4.3. Conditional execution¶
In order to write useful programs, we almost always need the ability to
check conditions and change the behavior of the program accordingly.
Conditional statements give us this ability. The
simplest form is the
The boolean expression after the
if statement is called the
condition. We end the
if statement with a
colon character (:) and the line(s) after the if statement are indented.
If the logical condition is true, then the indented statement gets executed. If the logical condition is false, the indented statement is skipped.
if statements have the same structure as function
for loops [We will learn about functions in Chapter 4 and loops in Chapter 5.].
The statement consists of a
header line that ends with the colon character (:) followed by an
indented block. Statements like this are called compound
statements because they stretch across more than one line.
There is no limit on the number of statements that can appear in the
body, but there must be at least one. Occasionally, it is useful to have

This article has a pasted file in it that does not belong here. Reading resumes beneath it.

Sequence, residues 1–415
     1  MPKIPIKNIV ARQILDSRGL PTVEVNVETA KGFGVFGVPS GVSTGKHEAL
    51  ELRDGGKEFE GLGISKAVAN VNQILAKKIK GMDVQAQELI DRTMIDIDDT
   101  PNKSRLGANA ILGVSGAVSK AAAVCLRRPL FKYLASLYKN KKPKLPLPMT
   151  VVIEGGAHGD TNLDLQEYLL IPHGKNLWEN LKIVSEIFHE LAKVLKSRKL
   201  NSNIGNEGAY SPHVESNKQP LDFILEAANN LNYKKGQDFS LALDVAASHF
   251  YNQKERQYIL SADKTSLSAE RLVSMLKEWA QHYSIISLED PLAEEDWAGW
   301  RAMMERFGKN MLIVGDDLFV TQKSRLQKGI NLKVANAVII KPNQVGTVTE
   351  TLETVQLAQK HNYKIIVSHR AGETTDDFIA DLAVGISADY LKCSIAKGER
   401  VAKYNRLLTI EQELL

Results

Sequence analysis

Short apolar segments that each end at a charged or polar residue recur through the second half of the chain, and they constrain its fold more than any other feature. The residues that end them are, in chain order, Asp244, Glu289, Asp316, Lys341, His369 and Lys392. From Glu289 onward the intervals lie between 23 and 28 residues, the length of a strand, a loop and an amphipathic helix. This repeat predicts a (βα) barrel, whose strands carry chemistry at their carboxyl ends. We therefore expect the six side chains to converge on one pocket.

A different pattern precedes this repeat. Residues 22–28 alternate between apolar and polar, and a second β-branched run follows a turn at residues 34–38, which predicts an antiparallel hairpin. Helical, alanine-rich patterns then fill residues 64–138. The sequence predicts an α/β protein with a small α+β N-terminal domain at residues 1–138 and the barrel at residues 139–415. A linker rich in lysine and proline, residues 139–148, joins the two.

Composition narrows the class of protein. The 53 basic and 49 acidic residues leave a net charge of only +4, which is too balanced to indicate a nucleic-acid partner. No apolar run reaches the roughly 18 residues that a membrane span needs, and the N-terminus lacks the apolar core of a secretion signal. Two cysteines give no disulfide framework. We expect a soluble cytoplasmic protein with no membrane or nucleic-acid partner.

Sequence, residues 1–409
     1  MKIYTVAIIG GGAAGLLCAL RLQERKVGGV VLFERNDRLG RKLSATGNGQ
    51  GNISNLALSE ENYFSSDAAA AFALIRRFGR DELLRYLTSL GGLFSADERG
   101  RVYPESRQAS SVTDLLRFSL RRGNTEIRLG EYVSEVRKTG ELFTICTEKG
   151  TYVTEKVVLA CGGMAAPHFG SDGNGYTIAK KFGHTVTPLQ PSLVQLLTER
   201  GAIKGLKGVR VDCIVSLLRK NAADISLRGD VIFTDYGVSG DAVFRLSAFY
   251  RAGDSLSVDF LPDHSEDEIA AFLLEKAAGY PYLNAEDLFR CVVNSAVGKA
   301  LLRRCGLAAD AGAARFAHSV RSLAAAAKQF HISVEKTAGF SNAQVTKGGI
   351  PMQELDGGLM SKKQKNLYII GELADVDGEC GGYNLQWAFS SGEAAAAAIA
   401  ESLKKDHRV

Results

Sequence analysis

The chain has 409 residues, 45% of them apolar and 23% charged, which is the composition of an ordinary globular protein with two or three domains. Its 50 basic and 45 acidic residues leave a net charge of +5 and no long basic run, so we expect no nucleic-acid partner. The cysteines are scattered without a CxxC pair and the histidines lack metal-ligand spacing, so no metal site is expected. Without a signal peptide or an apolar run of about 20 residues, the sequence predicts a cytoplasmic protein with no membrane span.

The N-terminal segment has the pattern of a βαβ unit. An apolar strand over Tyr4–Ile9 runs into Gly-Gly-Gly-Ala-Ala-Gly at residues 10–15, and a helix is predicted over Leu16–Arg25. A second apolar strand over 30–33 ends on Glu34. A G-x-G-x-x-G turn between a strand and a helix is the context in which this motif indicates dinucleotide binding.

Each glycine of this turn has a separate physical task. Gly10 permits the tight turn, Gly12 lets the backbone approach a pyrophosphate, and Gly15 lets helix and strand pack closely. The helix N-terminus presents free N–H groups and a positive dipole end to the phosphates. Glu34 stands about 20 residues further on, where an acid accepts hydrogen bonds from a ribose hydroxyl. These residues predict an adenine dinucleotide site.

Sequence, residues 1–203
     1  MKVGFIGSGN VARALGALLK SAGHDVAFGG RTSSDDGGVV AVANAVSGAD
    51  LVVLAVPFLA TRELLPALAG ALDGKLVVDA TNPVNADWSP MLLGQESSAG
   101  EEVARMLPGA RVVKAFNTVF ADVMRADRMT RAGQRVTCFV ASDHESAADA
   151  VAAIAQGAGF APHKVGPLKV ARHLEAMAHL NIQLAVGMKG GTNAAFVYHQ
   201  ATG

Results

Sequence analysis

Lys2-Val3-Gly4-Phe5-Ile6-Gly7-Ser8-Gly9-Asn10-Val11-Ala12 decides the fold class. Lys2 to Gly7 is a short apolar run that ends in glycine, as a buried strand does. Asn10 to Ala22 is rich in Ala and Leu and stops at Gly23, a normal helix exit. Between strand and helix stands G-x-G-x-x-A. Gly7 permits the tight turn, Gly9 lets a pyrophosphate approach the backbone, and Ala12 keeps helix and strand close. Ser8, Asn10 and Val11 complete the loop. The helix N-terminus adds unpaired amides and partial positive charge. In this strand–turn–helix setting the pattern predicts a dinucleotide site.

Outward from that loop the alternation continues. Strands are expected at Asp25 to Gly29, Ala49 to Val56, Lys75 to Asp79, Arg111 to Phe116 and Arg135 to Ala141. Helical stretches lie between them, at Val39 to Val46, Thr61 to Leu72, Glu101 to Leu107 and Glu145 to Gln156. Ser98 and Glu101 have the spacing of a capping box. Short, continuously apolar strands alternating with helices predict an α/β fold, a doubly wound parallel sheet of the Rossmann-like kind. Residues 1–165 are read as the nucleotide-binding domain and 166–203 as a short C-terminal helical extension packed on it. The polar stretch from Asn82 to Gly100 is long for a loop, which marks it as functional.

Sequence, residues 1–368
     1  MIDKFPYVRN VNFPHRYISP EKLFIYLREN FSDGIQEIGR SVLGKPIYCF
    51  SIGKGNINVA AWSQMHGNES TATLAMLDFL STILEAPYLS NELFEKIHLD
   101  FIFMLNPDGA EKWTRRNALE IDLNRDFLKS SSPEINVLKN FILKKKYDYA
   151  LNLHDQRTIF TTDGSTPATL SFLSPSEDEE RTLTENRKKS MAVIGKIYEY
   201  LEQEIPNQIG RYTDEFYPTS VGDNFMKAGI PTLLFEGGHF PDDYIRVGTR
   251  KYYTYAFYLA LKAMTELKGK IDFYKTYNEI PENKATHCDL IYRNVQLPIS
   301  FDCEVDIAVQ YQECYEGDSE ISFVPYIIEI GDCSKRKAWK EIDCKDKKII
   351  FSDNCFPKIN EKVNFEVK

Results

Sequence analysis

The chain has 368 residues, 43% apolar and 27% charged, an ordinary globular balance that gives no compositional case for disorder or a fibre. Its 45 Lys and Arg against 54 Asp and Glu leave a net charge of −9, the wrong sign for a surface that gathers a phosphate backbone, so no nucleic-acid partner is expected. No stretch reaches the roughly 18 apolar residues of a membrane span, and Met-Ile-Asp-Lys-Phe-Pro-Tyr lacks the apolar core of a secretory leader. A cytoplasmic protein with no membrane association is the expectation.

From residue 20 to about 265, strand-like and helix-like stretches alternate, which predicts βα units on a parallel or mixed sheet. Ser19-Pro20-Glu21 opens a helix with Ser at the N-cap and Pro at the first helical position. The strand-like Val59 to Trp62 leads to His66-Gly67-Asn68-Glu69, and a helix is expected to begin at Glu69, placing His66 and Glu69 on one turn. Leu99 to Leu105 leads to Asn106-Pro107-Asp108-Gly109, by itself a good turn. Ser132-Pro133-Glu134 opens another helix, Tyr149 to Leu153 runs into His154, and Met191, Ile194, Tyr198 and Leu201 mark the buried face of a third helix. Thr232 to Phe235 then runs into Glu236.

a body with no statements (usually as a place holder for code you haven’t
written yet). In that case, you can use the
which does nothing.
If you enter an
if statement in the Python interpreter, the
prompt will change from three chevrons to three dots to indicate you are
in the middle of a block of statements, as shown below:
>>> x = 3 >>> if x < 10: ... print('Small') ... Small >>>
When using the Python interpreter, you must leave a blank line at the end of a block, otherwise Python will return an error:
>>> x = 3 >>> if x < 10: ... print('Small') ... print('Done') File "<stdin>", line 3 print('Done') ^ SyntaxError: invalid syntax
A blank line at the end of a block of statements is not necessary when writing and executing a script, but it may improve readability of your code.